Wood Siding

Wood siding, which is older than both aluminum and vinyl siding, has been a popular type of exterior house siding in the United States throughout the history of the country. Although wood siding can be made from almost any type of wood, the five most popular tree types are pine, spruce, fir, cedar, and redwood. Unlike vinyl and aluminum siding, wood siding requires considerable and frequent maintenance. Wood siding must be sealed, stained, or painted to prevent damage from natural elements including water, sun, wind, dirt, and insects. With proper upkeep, however, wood siding can last up to one hundred years. (Improperly maintained wood siding will last only ten years or less.) The price of wood siding varies according to the type with the cheapest woods like pine, spruce, and fir costing a minimum of $5.50 per square foot. Although the price tag is more expensive, wood siding is still popular because of its more attractive appearance in comparison to aluminum and vinyl. Handy homeowners can install their own wood siding; however, professional installation is recommended for the best results.

  • Vinyl, brick, aluminum, and wood siding are the most popular types of house siding in North America. Learning about the pros and cons of these different siding types makes picking the best solution easier.

Whether you're renovating or building a new home, deciding on which siding material to use is a major decision, not to mention a major expense. Siding is more than just an exterior finish for your home. It is a major component of the exterior "envelope" of your home, which protects its interior from being damaged by water infiltration or inclement weather.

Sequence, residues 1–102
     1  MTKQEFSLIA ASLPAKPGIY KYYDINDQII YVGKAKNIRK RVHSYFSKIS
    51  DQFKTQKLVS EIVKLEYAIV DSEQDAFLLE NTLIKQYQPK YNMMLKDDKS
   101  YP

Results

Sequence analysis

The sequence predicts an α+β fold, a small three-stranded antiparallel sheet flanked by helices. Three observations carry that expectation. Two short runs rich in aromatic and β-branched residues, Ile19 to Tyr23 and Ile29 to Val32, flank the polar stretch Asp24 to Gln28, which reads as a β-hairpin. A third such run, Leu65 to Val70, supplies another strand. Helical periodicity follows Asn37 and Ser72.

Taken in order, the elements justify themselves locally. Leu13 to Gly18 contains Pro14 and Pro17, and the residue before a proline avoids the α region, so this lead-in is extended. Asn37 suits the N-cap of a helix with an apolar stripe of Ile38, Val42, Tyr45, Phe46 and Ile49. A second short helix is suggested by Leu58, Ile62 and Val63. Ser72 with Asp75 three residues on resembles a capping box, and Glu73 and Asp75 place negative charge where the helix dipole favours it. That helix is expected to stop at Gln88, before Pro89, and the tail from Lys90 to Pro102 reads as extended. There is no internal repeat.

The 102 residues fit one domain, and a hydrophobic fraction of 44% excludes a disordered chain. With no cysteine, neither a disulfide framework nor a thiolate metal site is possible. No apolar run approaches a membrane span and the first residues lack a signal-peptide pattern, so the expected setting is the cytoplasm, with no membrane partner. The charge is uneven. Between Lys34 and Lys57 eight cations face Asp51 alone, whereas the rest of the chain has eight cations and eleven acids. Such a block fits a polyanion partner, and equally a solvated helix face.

From maintenance to costs per square foot, here is an overview of five siding material options that you might want to consider. Keep in mind that although prices for the siding materials are fairly consistent throughout the United States, labor costs can vary significantly.

Wood
Wood is a traditional siding material that has been used in America since colonial times. There are two types of wood siding, shingles and clapboards. Shingles, or shakes as they are sometimes called, are typically made from cedar. They are not painted, but are left to weather naturally and are virtually maintenance free. Clapboards are typically made from Douglas fir, spruce, or pine and are usually painted or stained. Wood siding is an excellent choice for siding but, with the exception of masonry siding such as brick or stone, wood siding is more expensive than other siding options, costing about $5 to $8 per square foot. Cedar is more expensive at $8 to $14 a square foot.

Vinyl